Last year, Canadian governments collected more than $8 billion in tobacco taxes
Total tobacco tax revenue received by Canadian governments this year was $8.3 billion, of which $3.4 billion (41%) was collected by the federal government and $4.9 billion collectively received by the provinces. Almost all of this revenue results from the sale of cigarettes. Only the federal government provides details on the amount of tax received from taxes on different types of tobacco products. In the case of federal revenues, 94% cames from cigarette sales, 2% from cigars and 4% from all other tobacco products, including oral tobacco and heat not burn sticks.
In real terms, tobacco tax revenues have not really increased - or decreased - by very much over the past decade
Although tax rates have moved up (with the expected decrease in cigarette sales), the amount of taxes received has hardly budged in this decade once revenues are adjusted to reflect the impact of inflation.
Last year, the average Canadian smoker paid $1,680 in tobacco taxes
The federal government receives an average of $690 each year from each of Canada's estimated 4.9 million smokers. The amount received by each province ranges from $665 (Ontario) to $1,674 (Newfoundland and Labrador) per smoker. The combined average federal and provincial tax burden for each smoker is $1,682, reflecting the fact that most smokers (63%) live in the provinces with the lowest taxes.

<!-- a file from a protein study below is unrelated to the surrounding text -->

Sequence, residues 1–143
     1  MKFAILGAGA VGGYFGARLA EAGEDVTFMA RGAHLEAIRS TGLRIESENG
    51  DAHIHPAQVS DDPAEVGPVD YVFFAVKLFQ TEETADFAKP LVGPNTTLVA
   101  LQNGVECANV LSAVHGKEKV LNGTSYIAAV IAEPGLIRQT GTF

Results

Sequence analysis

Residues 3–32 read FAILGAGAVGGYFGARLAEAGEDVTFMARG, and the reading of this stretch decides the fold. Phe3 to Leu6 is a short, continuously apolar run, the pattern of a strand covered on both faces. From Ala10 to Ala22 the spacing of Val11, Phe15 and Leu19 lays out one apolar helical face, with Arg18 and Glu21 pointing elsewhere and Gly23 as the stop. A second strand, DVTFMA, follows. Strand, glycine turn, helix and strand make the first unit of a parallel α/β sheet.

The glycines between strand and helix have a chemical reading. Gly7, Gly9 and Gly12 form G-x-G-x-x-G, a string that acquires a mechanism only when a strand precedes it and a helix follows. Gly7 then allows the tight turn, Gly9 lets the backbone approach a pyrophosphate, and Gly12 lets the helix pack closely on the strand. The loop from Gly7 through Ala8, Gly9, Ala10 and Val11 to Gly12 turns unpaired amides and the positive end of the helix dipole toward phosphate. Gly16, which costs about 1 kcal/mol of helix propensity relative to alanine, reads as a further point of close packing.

Tobacco taxes represent about 1.5% of Canadian tax revenues and about 1.1% of total government revenues.
The contribution of tobacco tax revenues to the treasury of federal and provincial governments ranges from a low of 0.8% in Ontario to a high of 1.8% in Alberta. Expressed as a percentage of tax revenues, the contribution of tobacco taxes ranges from a low of 1.2% in Ontario to 3.8% in Alberta.
Links to Fact Sheets:
Tax Revenues from Tobacco Sales. December 2019.
Taxes on cigarettes in Canadian jurisdictions. October 2019.
Tobacco taxes paid by smokers. December 2019.